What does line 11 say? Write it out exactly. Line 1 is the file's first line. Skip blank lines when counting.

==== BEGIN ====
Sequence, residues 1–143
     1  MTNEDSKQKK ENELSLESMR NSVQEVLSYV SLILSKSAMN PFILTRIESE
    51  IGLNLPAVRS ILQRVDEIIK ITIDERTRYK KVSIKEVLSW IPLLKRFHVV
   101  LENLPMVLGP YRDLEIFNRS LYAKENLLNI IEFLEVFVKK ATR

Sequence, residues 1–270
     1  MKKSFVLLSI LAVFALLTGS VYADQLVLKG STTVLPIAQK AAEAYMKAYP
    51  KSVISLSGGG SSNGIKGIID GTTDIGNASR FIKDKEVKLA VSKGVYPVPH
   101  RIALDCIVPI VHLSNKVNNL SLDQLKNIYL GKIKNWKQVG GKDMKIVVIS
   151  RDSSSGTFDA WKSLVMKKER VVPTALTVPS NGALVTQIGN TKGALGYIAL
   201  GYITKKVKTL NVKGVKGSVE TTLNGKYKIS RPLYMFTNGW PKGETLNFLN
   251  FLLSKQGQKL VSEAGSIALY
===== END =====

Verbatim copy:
   251  FLLSKQGQKL VSEAGSIALY